With not being able to foresee how many books will sell and which ones, I don't know of anyone who gets into the book business for the money. Sad but funny in a way.          

          Are you a member of any group or organization that aids you in your profession?

          Not that I can think of … there are professional organizations and societies, so perhaps at some point, I’d be invited to join, we’ll see, you can always dream. I do like to stop by at the Society of Illustrators when I’m in NYC – they have a lovely little restaurant upstairs that’s rarely packed amidst all the buzzing traffic in Midtown Manhattan, and you can marvel at the original Norman Rockwell behind the counter. Speaking of, I recommend visiting the Rockwell Museum at Sturbridge in Western Mass – look at the Saturday Evening Post covers that Rockwell did and you see what the gold standard is for turning inconsistent top quality. This guy was annoyingly good, marvelous stuff each and every one of his illustrations.  

         I would suggest you join SCBWI if you can.

        Does illustrating help better you as a person? How?

        … drawing calms me down also because I like to listen to either Frank Sinatra or Cool Jazz like Chet Baker in the back when I work on a piece. You can’t force it so you may as well enjoy it when everything comes together on a good day and you get that elusive pose or perspective finally right or experiment with a new brush on digital. And given all the quality competition out there, the quest to be consistently good is ever humbling … a bit like golf.

         What advice do you have for someone who wants to become an illustrator?

        First, make sure you love drawing – then draw, draw, draw & try to get better – and finally and most importantly, don’t be discouraged by rejection. Unless you’re a rock star out of the gate (at which point you probably won’t spend your time reading this interview), this field is super competitive and you’re bound to have to deal with constant critique and setbacks, many of them. It’s then when reason #1, i.e. love for drawing, helps you get through it – in addition to a super supportive family and group of long-term friends.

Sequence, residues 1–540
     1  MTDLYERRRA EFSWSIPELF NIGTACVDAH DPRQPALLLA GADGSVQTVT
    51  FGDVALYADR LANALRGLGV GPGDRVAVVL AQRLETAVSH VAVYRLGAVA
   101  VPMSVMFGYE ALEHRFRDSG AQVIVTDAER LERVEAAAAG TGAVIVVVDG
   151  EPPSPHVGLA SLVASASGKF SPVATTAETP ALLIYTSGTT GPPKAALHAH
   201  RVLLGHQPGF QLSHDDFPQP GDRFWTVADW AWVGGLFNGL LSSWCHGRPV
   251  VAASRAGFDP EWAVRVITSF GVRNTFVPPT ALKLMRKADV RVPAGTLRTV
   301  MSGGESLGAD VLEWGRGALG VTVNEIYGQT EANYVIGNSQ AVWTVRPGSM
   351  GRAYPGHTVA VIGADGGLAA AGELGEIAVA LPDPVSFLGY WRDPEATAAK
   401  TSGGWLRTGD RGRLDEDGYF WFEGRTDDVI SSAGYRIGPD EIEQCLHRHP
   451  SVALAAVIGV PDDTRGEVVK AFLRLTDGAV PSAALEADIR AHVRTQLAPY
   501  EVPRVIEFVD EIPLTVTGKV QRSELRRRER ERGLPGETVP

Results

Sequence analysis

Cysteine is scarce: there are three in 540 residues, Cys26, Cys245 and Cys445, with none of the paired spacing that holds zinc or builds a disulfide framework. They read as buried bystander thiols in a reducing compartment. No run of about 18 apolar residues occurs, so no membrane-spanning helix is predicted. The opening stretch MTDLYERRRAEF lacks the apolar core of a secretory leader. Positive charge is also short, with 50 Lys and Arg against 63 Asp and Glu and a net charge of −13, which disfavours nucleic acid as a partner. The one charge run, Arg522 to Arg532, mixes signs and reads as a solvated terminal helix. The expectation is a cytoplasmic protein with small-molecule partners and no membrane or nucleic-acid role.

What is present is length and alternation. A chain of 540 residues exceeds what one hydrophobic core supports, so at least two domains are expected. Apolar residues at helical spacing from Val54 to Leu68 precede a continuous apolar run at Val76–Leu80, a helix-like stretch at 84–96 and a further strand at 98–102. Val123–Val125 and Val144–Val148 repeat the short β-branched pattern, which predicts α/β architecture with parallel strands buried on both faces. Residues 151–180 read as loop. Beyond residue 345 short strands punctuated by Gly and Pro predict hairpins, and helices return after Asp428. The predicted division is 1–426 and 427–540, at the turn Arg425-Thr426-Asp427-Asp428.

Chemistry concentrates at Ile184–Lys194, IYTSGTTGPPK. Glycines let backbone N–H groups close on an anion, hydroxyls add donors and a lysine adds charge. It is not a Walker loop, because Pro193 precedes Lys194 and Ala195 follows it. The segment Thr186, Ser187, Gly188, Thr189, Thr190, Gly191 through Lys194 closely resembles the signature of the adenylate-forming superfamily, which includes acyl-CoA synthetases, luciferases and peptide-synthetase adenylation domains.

What is your favorite genre to read? Your favorite author or authors? Yes, even illustrators need to read.

        I just finished “The Woman in the Window” by AJ Finn (a.k.a. Daniel Mallory) which I bought in a small independent book store up in Vermont and thoroughly enjoyed. I am still working on Fiona Deans Halloran’s biography of Thomas Nast, the German-American grandmaster of political editorial cartooning – fascinating how he established the pen as a much-feared tool for voicing political critique. I am currently reading “Berlin”, a comic book for mature audiences driven by rich characters set in the stormy backdrop of the Weimar Republic by Jason Lutes. At times, it feels like a masterly interwoven ensemble movie, and it is a revelation as to where graphic novels can go.

         Any other comment?

        Well, I enjoyed this – so, thank you, 4RV, for the opportunity. Secondly, if you made it that far in the interview, thanks for reading – and I’d say you deserve a wrap-up and get back to drawing … NOW!

     Thank you for sharing your thoughts with us, Tom.

      For more information about Tom, visit his website. His book can be purchased on the 4RV website, as well as through bookstores and other online stores.

Monday, May 25, 2020

Grammar - The Foundation of Good Writing

A sig given as gift.

         I can’t count the number of times I’ve heard or read, “Why should I care about using correct grammar in my writing? That’s why they have editors.” Wrong! Most publishers don’t edit any writing that comes their way, IF they even accept any error-filled manuscript. Paying for an experienced, dependable literary editor is expensive, and the editors themselves will do only so much.

         Some writers fight the idea that grammar (including sentence structure, punctuation, subject/verb agreement, pronoun usage, spelling, etc.) impacts the worthiness of writing, which is like saying failing to lay a solid foundation does not impact the stability of a building. Good grammar is extremely important. It shows the writer's professionalism and attention to detail. The writer will also be able to give an explanation that is understood.